Access to medical marijuanaThe right to obtain medical cannabis pursuant to the law has been denied to the Nepali people.
The United Nations Single Convention on Narcotic Drugs of 1961 that categorised marijuana in the same group as heroin, cocaine and opium was the first international instrument that willfully ignored the medicinal use of marijuana and sought an international ban on its cultivation, use, sale and supply. Owing to US pressure, king Birendra revoked all licences pertaining to the cultivation, sale and purchase of marijuana in Nepal in 1973. However, at that time, but it was still legal to possess and use cannabis.
Two notable exceptions
The Narcotic Drug (Control) Act of 1976 went on to criminalise the sale, cultivation and consumption of cannabis in Nepal; but two notable exceptions were made: One, the government may frame rules regulating the production of hashish from wild cannabis plants growing in the western hilly region of Nepal and the collection, storage, sale and purchase of such hashish for a specified period. Two, purchase and consumption of cannabis can be made by any person in the recommended dose from any licensed shop on the recommendation of any recognised medical practitioner for the purpose of medical treatment. But both these provisions are currently ineffective due to lack of necessary rules. They need to be scrutinised if the Nepali people are to have access to quality cannabis that is safe for medical use.
Why should marijuana for medical use be limited to the production of hashish from cannabis growing wild in the western hilly region of Nepal? The complexity of the cannabis plant can be understood only by recognising the fact that it contains about 400 chemical entities with over 60 cannabinoid compounds. Among the major therapeutic compounds, THC (delta-9-tetrahydrocannabinol) and CDB (cannabidiol) have been known to be effective for different medical uses depending on the ailment.
At the very outset, the law needs to recognise that various strains of cannabis need to be grown to target for necessary concentrations of particular chemical compounds, to develop effective medicines for specific ailments. Mere harvesting of hashish from a specific geographical region of Nepal is not the answer. Growing of specific strains in controlled environments is critical if effective medication is to be derived from cannabis. This is the reason why producers in the Western nations grow varieties of cannabis depending on the needs of the patient and the specific ailment in question. The current exceptions do not pave the way for strain-specific cultivation of cannabis in Nepal.
Although a patient is permitted by law to obtain and consume medical marijuana, the government has yet to form any rules and regulations pertaining to its licensing. The concomitant right to access medical cannabis pursuant to the law has been denied to the Nepali people. The provision is yet to see the light of day and is currently redundant.
Lack of access to regulated and safe avenues for securing medical cannabis has only fostered an illicit trade, and organised criminal organisations have been the sole beneficiary of the government’s failure to regulate the cannabis market. Licensing of cannabis production and sale will go on to ensure that the medical marijuana produced is of good quality and safe for human consumption. Apart from this, the regulation of supply and licensing will contribute to the state coffers via taxation. After the regulation of cannabis sale through licensing and taxation in 1962, the government of Nepal was able to collect over Rs100,000 in revenue—a decent amount back then.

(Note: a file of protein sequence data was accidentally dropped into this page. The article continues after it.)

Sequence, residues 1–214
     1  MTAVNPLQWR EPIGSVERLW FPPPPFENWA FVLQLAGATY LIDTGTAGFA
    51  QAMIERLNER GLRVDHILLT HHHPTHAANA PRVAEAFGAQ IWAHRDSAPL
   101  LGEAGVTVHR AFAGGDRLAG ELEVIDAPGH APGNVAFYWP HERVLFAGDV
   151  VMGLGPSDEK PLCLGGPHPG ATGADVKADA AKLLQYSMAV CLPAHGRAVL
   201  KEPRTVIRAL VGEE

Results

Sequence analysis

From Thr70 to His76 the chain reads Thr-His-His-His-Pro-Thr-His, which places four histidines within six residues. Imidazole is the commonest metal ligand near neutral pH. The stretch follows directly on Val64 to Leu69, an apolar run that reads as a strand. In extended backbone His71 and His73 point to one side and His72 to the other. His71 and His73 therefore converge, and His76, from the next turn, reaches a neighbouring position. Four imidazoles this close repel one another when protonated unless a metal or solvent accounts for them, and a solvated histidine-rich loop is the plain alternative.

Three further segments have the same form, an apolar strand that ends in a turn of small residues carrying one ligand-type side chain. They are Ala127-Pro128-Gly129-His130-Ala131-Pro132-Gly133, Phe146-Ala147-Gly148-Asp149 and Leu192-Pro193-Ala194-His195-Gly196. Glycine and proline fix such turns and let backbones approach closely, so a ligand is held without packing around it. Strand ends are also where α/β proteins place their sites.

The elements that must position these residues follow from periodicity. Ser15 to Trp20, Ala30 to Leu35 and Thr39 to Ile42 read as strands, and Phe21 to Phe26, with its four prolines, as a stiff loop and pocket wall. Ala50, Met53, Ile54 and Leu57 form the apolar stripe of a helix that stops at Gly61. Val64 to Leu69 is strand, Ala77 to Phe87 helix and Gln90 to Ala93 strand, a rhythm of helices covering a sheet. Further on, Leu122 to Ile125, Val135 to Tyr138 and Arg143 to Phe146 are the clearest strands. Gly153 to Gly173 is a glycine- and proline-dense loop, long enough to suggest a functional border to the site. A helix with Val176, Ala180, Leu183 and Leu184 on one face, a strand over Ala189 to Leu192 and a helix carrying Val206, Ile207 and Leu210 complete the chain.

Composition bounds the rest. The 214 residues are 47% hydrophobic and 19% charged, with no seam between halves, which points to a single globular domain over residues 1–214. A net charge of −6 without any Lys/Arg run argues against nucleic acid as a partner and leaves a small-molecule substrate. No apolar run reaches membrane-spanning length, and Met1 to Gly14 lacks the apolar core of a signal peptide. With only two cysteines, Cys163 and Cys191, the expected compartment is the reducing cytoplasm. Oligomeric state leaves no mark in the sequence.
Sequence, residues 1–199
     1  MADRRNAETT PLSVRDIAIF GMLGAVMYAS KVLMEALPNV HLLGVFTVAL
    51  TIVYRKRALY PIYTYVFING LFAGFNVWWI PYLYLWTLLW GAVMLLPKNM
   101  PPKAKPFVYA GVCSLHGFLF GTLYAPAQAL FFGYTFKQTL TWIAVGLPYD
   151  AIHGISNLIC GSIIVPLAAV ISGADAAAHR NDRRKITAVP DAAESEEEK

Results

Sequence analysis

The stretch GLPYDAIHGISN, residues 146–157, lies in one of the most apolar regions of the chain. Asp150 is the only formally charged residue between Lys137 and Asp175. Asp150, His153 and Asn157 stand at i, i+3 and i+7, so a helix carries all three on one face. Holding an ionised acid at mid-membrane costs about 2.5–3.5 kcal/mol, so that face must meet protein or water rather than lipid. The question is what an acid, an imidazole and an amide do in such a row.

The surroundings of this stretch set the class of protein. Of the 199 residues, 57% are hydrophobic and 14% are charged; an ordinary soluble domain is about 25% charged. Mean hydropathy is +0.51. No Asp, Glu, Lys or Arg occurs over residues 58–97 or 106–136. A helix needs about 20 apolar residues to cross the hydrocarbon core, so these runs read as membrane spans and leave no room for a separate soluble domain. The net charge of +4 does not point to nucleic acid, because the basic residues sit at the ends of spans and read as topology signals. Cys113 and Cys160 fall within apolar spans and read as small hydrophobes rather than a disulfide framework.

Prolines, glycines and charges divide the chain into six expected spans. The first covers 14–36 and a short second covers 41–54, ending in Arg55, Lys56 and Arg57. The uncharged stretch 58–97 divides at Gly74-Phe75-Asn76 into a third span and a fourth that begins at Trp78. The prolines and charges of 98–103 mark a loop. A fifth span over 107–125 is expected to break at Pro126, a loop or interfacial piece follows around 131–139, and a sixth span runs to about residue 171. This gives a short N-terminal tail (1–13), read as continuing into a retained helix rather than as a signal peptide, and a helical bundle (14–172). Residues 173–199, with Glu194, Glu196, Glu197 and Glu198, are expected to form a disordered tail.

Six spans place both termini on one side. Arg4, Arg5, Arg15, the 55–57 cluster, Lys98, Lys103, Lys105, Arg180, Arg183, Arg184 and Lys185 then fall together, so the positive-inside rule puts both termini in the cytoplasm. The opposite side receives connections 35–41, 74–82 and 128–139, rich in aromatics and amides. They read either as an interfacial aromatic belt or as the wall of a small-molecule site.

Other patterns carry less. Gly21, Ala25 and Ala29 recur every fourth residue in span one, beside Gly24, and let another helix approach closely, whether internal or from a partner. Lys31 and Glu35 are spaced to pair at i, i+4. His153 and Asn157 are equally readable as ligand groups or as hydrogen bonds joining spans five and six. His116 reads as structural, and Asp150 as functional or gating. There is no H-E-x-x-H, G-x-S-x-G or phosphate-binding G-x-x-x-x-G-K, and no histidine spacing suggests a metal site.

Efficacy of cannabis
Global acceptance of the medical benefits of marijuana is beyond debate. The efficacy of cannabis as a medicine for a wide array of ailments has been documented from Vedic times to modern-day research in the field of medicine. That the politics behind the criminalisation of cannabis by foreign powers is contrary to the cultural and religious practices of Nepal is no secret. The history of forced criminalisation of marijuana, and the apathy of the Nepali governments to reverse the neo-colonial politics over criminalisation is an utter disgrace. The inadequacies and redundancies of the current Nepali legal regime vis-à-vis access to cannabis are glaring. All that is lacking is the political will to reverse past international coercion and defy continued neo-colonial oppression on the subject of access to medical cannabis.
For the current government, which is high on rhetoric pertaining to international interference and issues of national sovereignty, the issue of ensuring safe access to medical marijuana to its citizens should not be a challenging one. Time has presented the current government an opportunity to undo past injustices forced upon the people of Nepal, and history shall stand as a testament to the government’s efforts to provide safe and quality access to medical cannabis. Cannabis has been growing in our lands from time immemorial, and it will continue to do so despite whoever is in power. The only question is whether the nation can capitalise on it.
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